Delaware releases results for 2015 state assessments
Statewide assessment results released today provide a new baseline for how Delaware students are performing in English language arts and mathematics. The 2015 Smarter Balanced Assessment results are the first ever scores for the test, which is aligned with the Common Core – Delaware’s new, higher, academic standards. By focusing on skills most important for students to succeed in college and the workplace, the results provide teachers and families with a snapshot of children’s progress, helping identify school and student strengths, as well as areas in which they need support.
Statewide, more than half of students in third through eighth grades and in grade 11 were “proficient’ or better in English. In math, almost 39 percent were statewide. Delaware students outperformed estimates – based on a 2014 national field test -- in both subjects for every grade with the exception of 11th grade math.
More than four million students took the field test that was used to set expectations for how students would perform when Smarter Balanced was first offered last spring. Following that test, educators, school leaders, higher education faculty, parents and others worked together to develop benchmarks for students to reach different achievement levels (one through four), with students scoring 3 or 4 considered “proficient.”
At the time, then-Smarter Balanced Executive Director Joe Willhoft noted: “Because the new content standards set higher expectations for students and the new tests are designed to assess student performance against those higher standards, the bar has been raised. It’s not surprising that fewer students could score at Level 3 or higher. However, over time the performance of students will improve.”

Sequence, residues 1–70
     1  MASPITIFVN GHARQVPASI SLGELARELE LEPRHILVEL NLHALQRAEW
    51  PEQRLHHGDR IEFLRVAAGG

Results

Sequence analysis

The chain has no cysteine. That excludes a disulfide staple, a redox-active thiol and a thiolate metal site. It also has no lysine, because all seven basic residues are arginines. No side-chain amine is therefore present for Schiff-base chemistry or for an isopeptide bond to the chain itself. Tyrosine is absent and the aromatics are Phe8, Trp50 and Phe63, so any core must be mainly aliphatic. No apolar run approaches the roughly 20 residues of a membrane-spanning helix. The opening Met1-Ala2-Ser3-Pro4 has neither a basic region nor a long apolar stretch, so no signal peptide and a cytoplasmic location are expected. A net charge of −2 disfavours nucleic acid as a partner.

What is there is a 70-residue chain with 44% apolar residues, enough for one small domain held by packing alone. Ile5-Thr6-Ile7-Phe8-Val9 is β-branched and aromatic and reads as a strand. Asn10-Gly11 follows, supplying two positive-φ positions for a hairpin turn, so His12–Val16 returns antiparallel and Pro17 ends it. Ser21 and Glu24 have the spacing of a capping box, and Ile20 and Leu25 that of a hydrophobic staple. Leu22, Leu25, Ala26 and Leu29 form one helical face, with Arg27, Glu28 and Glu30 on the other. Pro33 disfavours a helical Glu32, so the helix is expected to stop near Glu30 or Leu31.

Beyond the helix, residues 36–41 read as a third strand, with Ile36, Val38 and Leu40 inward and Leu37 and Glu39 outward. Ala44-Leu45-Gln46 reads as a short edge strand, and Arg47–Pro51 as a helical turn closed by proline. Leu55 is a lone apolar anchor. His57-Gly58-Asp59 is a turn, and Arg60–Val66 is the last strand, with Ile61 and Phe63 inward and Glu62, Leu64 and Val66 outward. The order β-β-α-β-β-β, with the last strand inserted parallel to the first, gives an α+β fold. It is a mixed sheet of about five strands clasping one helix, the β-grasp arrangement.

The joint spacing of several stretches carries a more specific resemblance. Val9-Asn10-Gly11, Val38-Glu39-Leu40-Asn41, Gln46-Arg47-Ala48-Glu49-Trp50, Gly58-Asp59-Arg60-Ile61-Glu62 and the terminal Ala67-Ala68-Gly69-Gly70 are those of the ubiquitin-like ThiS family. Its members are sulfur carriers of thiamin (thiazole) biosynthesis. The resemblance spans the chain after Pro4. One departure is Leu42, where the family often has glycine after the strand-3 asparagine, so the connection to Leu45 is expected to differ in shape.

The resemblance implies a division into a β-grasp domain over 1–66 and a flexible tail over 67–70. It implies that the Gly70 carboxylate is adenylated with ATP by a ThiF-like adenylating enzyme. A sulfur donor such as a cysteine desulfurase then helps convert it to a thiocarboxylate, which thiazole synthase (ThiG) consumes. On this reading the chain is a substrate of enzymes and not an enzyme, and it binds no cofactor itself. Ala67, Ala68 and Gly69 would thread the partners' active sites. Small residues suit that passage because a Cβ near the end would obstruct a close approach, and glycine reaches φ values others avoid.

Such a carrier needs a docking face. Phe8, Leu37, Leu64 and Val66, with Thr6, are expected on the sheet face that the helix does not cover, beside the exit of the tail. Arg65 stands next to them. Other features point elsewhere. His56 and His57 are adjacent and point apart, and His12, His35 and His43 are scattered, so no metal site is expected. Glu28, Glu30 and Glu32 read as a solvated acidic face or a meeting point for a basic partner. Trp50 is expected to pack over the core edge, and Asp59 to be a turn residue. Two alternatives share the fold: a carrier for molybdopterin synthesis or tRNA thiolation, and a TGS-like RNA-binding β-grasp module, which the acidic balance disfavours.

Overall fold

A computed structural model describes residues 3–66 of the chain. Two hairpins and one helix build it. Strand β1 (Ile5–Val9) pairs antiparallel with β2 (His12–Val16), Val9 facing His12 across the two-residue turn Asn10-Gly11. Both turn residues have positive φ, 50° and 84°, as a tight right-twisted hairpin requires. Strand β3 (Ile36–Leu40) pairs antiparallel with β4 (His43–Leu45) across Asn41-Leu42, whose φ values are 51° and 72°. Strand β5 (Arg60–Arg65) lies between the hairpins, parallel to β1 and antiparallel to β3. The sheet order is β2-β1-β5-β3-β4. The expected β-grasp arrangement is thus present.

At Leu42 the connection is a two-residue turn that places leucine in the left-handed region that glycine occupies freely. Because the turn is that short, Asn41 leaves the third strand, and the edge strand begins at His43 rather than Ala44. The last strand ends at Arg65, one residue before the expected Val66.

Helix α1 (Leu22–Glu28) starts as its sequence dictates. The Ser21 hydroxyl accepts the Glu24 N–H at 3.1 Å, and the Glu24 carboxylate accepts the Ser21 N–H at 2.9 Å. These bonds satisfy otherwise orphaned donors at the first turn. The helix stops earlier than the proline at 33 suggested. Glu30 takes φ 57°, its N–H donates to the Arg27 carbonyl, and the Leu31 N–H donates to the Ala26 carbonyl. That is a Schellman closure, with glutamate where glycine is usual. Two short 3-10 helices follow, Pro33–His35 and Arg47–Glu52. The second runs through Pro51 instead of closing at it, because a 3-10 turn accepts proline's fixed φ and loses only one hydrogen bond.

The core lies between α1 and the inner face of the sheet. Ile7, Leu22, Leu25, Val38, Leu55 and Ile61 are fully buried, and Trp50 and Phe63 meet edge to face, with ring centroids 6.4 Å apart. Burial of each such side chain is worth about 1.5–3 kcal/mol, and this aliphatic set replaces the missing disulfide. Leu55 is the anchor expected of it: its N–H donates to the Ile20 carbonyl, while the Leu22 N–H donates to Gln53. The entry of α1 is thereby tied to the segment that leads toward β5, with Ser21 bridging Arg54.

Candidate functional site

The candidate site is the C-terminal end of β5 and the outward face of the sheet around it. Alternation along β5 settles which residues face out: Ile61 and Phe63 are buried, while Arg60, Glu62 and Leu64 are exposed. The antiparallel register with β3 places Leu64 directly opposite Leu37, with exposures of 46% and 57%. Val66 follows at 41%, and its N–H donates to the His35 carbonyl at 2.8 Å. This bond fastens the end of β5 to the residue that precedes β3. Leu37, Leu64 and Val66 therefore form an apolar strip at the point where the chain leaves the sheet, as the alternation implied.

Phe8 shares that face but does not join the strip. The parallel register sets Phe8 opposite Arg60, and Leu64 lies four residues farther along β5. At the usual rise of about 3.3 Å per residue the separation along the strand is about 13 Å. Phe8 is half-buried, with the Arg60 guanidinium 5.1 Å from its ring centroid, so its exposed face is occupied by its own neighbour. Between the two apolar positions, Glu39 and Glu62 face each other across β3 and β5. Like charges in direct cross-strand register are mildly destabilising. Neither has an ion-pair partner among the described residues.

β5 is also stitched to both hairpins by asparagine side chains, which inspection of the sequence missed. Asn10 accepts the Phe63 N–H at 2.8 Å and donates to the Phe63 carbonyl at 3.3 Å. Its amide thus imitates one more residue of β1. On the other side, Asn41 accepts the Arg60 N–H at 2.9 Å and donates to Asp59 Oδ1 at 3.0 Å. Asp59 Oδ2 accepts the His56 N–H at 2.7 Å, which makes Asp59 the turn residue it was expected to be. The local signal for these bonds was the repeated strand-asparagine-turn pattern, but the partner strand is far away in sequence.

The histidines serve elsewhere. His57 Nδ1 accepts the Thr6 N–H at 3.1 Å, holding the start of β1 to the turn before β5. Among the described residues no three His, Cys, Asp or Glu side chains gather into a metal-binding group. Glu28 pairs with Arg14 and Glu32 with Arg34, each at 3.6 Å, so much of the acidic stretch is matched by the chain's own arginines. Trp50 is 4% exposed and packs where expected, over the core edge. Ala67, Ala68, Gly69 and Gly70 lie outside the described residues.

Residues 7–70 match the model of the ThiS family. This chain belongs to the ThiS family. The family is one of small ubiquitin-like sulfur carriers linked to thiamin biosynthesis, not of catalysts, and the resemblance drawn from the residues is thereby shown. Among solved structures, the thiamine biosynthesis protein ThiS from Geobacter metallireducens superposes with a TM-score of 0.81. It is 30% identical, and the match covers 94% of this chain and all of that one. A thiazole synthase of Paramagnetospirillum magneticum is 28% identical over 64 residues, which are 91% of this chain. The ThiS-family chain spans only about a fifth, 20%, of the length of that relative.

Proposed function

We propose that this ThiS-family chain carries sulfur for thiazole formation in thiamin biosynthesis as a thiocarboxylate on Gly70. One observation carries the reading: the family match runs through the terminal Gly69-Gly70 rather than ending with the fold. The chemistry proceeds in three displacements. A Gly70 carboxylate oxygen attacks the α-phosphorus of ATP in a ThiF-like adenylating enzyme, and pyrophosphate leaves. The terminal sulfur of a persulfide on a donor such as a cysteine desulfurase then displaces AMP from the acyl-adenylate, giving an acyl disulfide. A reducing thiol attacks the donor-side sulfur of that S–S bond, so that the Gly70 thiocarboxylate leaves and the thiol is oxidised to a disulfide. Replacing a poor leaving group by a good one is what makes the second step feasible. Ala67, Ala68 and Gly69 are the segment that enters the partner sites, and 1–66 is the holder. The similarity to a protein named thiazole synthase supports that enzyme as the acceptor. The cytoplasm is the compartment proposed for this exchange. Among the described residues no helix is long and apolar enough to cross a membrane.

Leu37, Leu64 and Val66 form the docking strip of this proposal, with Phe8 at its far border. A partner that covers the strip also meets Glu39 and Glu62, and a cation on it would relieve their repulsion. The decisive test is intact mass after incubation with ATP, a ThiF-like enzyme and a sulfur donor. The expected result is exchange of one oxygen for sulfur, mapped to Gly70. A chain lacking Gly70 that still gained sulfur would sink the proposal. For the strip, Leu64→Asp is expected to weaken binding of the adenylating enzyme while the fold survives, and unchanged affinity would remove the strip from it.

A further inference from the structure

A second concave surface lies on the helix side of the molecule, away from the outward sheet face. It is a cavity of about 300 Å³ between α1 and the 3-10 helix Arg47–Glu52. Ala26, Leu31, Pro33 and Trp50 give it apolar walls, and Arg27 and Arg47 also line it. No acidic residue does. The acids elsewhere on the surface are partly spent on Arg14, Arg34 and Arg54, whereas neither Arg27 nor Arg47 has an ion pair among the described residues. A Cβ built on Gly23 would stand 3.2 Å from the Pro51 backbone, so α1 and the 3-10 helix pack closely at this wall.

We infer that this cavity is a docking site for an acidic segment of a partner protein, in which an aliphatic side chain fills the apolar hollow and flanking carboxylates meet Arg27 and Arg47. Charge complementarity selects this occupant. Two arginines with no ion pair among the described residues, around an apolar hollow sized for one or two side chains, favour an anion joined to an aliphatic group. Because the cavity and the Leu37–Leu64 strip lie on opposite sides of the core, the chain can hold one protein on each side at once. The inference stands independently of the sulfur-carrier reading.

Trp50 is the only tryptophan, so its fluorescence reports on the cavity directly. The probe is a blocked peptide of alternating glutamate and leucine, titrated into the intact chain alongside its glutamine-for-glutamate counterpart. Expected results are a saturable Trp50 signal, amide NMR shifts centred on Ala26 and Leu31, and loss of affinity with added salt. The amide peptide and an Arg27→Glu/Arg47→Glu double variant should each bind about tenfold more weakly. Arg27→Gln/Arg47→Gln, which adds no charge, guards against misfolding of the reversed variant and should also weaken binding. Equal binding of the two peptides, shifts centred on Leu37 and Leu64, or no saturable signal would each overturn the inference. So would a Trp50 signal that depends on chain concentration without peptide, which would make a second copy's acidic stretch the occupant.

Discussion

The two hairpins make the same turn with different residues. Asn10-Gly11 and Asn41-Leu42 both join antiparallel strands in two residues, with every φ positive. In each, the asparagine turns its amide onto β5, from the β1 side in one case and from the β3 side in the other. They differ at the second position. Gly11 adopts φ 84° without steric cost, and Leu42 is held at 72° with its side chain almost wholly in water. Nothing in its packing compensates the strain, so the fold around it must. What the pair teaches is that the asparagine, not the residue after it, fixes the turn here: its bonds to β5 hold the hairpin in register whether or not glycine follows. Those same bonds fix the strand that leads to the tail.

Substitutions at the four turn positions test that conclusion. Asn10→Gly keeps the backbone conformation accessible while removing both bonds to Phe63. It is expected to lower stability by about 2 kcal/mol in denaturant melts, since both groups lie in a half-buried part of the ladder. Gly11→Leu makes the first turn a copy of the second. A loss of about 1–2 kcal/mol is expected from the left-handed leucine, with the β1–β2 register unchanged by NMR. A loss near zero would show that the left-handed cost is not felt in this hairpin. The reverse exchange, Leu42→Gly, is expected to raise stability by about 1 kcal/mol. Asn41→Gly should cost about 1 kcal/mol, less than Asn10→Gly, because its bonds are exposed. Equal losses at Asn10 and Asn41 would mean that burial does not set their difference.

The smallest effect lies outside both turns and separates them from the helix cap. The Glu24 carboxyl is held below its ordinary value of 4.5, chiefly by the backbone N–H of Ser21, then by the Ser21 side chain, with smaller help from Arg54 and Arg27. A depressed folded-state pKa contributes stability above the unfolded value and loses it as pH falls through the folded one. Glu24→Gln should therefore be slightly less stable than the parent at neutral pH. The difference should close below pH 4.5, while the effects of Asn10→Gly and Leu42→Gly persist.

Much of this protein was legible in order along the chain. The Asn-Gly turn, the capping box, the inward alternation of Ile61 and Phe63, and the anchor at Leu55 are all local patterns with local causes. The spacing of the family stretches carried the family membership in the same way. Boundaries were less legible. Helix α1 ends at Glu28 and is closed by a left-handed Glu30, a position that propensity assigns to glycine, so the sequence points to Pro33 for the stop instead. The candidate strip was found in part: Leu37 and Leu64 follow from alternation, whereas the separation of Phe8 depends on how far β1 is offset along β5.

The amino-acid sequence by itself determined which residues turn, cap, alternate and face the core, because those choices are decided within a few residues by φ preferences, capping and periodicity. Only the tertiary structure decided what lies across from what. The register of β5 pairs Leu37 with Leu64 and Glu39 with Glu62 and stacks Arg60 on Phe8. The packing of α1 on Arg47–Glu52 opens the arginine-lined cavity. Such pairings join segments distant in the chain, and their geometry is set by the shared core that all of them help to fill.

Grade-level results in English language arts/literacy ranged from a high of 55.5 percent scoring proficient or higher in fifth grade to a low of 48.5 percent in sixth grade. In math, the grade-level results ranged from a high of 53.1 percent in third grade to a low of 23.3 percent in grade 11.
“The Smarter Assessment is harder, and different, from any of our past state assessments. It tests more skills than we’ve ever tested before and does so more rigorously,” Gov. Jack Markell said. “We made this change because these are the skills our children will need to succeed in the rest of their careers and we need to provide them with as much help and support as we can while they are still in our care.
“As we all expected, the overall results of this more rigorous assessment show that we still have a lot of work to do to prepare all of our students for college and careers, but we know our schools continue to make progress, and we are pleased that the results are better than anticipated by the national test.” he said.
As a governing state in the Smarter Balanced Assessment Consortium, Delaware partnered with other states to develop the Smarter Balanced Assessment System. Delaware educators have been integral to many aspects of the new assessment system, including question development, standard setting, report development and the creation of professional learning resources for teachers. In spring 2014, educators and students across Delaware participated in the successful national field test of new assessment items and the accompanying technology.